At a commercial camping facility, a lady in my group heard a mother strike her small child (perhaps age 3) and yell at him in anger for no apparent
reason. This happened in the shower facility. (She was using vulgar language in scolding him for not dressing well and fast--even though he was
trying.) The struck child was crying.
A friend of mine who saw this complained to the woman to stop, and telephoned for the police to come, hoping to save the child from being beaten. She also got some of the ladies with our camping group to be with her.
The mother, in turn, telephoned the police to come to her aid, claiming that she felt threatened.
I'll pause at this point in the events. What do you think happened? Do you think my friend should have spoken to the mother, or telephoned the police? What would you have done?
Good grief, Scholar, you do throw them at us !
OK - firstly there is vast difference between a quick slap and a beating!
Secondly - I would not expect a three year old to dress himself unaided, and the place for him to learn/try is in his own home - not a public shower facility.
While I do not, and would never, condone 'beating' a child, I have been known to slap a leg if all else has failed, but not often and never very hard.
In my book there is never any excuse for vulgar language, it is completely unnecessary and only serves to inflame in a volatile situation.
Would I have called the police? If I believed that the child was in serious danger - then Yes, obviously I would, but for a Mum at the end of her tether, administering a slap? Not sure.
From the situation you described, Scholar, calling the police seems a bit over the top. I'd be very suprised if they responded to the call. But in your description of the event, you say your friend heard the woman "strike" the child, which suggests that it was just a quick slap rather than a "beating".
Heard but didn't see? Hmmm. Not much of an "eye-witness" account is it? The police wouldn't take my word for something I heard because I didn't "see it" so the vandal wasn't charged. Is the law different in the US?
Too many contradictions there for me to pass comment. Were the events seen, or heard, it's very unclear...?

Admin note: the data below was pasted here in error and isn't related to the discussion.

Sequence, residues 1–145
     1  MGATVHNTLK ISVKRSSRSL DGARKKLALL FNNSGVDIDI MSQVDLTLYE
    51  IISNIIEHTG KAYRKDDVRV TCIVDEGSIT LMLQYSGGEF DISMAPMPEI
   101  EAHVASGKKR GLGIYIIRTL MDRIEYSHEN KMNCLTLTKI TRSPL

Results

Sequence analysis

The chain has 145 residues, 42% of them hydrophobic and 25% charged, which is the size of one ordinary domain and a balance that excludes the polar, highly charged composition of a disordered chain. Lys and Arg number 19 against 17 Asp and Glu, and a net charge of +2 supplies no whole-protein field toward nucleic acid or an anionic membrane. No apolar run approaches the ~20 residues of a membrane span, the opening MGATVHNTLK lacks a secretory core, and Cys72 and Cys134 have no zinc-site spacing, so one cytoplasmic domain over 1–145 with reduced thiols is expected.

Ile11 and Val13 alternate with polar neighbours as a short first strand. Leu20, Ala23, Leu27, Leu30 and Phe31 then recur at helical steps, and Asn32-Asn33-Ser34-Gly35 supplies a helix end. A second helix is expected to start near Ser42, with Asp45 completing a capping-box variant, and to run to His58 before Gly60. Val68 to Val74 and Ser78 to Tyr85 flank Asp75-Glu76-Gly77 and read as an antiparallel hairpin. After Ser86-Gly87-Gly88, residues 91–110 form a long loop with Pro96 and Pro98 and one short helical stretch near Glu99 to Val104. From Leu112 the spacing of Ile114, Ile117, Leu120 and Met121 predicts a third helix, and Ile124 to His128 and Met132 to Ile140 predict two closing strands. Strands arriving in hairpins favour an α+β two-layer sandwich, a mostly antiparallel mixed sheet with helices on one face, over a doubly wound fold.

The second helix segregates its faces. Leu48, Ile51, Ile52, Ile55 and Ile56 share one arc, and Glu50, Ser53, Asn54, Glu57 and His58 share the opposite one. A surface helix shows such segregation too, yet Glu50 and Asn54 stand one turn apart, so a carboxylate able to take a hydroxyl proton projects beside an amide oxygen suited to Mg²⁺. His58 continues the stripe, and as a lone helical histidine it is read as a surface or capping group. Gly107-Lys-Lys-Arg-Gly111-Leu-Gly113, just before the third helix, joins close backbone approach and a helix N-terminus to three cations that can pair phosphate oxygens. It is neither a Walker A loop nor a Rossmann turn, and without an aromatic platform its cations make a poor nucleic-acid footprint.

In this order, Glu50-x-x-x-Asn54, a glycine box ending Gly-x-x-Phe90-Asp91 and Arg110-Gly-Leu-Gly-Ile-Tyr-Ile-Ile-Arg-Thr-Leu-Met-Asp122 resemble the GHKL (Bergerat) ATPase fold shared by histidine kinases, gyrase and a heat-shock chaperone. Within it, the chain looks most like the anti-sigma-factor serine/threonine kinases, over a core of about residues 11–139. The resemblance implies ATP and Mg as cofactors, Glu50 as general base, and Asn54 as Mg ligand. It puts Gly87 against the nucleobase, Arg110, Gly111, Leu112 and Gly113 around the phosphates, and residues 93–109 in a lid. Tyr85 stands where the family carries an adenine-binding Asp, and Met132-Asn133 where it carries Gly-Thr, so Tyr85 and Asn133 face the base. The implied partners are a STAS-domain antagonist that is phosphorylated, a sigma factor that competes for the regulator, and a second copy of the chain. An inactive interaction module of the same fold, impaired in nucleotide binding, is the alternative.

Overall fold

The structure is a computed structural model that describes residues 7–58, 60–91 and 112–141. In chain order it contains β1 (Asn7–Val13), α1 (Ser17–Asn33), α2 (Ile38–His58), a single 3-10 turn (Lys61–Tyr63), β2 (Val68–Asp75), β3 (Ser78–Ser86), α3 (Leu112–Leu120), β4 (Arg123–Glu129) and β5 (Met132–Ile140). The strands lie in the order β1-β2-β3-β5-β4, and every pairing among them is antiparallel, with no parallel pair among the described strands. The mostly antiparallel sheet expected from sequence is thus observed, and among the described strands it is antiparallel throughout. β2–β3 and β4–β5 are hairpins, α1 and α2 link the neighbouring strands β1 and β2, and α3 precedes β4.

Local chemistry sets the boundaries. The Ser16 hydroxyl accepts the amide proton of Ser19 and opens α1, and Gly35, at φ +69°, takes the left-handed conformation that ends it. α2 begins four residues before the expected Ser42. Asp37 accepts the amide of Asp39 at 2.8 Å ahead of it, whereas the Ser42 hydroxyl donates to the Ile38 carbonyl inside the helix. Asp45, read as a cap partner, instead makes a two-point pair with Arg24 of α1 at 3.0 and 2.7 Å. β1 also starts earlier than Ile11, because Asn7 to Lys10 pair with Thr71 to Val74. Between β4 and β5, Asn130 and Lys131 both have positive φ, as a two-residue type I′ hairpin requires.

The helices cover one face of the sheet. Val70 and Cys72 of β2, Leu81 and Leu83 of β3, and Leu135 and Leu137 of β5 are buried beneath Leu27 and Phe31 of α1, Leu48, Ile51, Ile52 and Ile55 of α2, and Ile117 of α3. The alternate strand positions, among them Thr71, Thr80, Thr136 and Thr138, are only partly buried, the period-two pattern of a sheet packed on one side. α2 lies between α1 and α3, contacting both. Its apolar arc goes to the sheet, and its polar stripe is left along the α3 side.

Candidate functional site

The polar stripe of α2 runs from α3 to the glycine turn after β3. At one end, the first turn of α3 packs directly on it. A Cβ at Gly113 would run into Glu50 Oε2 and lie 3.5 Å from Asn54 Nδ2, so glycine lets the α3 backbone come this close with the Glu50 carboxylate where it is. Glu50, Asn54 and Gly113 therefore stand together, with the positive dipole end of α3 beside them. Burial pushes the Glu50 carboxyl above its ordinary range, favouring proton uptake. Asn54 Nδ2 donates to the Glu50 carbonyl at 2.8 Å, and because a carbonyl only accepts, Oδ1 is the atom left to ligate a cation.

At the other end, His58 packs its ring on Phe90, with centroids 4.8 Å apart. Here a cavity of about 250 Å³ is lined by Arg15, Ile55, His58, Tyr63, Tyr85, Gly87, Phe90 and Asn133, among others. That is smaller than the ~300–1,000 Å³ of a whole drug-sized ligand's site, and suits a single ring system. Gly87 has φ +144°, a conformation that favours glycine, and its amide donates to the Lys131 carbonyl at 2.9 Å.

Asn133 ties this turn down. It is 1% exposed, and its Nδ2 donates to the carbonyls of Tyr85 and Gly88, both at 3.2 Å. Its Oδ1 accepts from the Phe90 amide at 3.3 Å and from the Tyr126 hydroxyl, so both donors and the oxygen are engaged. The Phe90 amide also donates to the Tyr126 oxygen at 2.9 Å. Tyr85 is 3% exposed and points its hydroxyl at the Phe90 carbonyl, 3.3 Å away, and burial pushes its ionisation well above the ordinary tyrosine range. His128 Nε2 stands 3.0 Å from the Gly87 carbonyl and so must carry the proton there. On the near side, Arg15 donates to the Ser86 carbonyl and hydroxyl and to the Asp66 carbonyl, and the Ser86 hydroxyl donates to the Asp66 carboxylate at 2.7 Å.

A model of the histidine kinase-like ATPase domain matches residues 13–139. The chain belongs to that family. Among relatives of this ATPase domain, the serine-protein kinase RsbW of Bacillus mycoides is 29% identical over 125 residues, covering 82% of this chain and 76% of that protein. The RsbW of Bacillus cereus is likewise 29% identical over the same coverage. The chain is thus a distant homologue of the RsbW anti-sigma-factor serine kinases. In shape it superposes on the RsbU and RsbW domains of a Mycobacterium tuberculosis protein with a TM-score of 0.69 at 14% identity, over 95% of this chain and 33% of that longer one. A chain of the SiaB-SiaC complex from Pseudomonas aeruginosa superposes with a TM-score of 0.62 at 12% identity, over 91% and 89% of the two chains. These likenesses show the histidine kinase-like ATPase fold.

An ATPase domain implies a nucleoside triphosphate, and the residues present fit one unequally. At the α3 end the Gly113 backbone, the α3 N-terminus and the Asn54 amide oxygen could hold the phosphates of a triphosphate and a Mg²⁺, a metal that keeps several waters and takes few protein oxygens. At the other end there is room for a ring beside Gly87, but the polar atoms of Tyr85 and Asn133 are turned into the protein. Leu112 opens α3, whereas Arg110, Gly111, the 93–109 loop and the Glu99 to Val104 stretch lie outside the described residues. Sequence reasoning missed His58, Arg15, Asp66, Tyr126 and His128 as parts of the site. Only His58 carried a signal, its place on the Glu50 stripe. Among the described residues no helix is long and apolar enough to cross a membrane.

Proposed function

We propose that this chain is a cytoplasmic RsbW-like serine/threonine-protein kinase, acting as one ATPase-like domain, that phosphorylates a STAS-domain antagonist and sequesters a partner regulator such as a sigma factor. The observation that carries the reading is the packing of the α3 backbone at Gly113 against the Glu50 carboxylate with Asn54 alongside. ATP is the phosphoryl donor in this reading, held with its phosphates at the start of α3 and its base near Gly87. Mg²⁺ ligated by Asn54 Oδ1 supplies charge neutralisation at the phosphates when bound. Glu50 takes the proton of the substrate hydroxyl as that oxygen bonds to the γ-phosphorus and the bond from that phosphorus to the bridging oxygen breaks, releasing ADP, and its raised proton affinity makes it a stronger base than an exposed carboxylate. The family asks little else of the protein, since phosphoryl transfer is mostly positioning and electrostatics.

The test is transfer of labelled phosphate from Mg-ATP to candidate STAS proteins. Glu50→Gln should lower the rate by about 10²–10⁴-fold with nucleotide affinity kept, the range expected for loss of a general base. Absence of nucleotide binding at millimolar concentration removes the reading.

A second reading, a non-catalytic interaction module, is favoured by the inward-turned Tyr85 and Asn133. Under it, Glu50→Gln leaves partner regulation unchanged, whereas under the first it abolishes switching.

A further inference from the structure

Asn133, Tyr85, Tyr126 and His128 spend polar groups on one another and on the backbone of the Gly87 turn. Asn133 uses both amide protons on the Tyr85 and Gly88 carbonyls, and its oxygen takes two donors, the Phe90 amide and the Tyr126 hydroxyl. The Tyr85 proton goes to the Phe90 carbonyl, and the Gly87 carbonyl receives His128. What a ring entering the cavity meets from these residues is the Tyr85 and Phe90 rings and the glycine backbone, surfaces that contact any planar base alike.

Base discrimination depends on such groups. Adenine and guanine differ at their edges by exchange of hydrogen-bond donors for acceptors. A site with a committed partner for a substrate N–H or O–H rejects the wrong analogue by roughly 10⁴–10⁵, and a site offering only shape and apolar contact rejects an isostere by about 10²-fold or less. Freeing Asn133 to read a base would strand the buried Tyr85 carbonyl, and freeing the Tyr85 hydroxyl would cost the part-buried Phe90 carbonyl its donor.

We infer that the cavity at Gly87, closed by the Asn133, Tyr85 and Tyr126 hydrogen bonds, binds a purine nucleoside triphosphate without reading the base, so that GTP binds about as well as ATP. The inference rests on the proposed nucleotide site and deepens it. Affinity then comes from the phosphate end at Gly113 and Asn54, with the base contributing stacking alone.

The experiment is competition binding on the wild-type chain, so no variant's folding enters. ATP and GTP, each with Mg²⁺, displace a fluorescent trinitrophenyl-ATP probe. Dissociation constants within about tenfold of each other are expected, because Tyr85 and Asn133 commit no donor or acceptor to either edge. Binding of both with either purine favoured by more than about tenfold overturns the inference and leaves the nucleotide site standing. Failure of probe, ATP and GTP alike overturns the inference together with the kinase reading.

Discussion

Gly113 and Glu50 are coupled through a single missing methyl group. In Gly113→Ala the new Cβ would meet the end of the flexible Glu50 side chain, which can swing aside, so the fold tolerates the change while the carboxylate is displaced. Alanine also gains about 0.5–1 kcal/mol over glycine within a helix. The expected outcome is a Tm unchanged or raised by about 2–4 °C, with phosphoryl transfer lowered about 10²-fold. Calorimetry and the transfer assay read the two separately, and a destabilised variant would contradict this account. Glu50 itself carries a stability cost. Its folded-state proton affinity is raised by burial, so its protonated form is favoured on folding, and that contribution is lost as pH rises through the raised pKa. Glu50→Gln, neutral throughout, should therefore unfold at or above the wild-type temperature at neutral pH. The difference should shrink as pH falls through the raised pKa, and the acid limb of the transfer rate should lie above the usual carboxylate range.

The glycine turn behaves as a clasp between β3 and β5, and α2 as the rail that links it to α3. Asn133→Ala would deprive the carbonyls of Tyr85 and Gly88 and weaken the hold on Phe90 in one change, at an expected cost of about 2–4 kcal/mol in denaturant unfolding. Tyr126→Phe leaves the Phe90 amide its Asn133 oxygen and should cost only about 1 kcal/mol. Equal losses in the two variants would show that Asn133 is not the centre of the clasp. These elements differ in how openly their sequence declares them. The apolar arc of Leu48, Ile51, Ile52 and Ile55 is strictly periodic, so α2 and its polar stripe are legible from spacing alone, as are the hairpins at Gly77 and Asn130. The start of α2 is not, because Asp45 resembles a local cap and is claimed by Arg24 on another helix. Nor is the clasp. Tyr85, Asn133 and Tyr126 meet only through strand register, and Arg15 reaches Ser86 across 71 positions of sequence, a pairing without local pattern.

I think a child of 3 is too young to be slapped, in fact, I dont think it right to slap any child. There are other forms of punishment.
I dont agree with swearing in front of, or at, children. To me, it's the sign of a bad parent.
Although no one saw the slapping, someone heard the swearing and I would have told the Mother that this is not right. There seems little point in calling the police, they have better things to do.
I was not in the shower with them (), so I got this
second-hand. My impression is that my friend was present, heard the *SMACK!* and turned her head to see the woman and small child, with him bursting
into tears and the mother's arm still out from the strike. My friend said the mother, in anger, was describing the small child with F words. He
wasn't getting his shirt on properly, fast enough (like, not finding the arm holes on the first try).
I think that when my friend used the word "beating," she was not describing what she saw, but rather what she feared would have happened if she had not spoken up. I am of the opinion that, if the mother had shown a change of demeanor ("You're right, he's just a little kid! What am I doing? I need to take several breaths and calm down."), my friend would not have called the police. But, the woman was more defensive (more like, "Stay out of this. I can do what I want with my own kid.")
This was fairly late in the evening for a campground and a small child--perhaps around 10:00. The showers were probably cold, as there were hundreds of campers (our own group numbered perhaps 50, and we filled only part of the campground) and the water heater did not keep up. The woman may have been tired, and cranky from having to shower in cold water.
The outcome? The police did come, and listened to both accounts.
I don't know if the mother really felt intimidated from some friends coming to the side of my friend. I suspect she telephoned the police to make an accusation against my friends, so that the police would have a counter-complaint to consider, instead of having only the complaint from my friends. If the mother seemed not to want the police there, it might appear that she had something to hide.
After some conversation, the police said that there wasn't any crime, and that a general lack of corporal punishment is a greater problem.
I, too, dislike vulgar language, and think angry, hurtful language at a child is damaging, especially from a mother or father.
I think a hand-spank or a swat on the butt right after a child has done something dangerous or near-dangerous can be good for their safety--playing with fire, wandering into the street traffic, etc.--when the child is too young to grasp a verbal explanation. But, clearly, the shower incident does not fall into this area.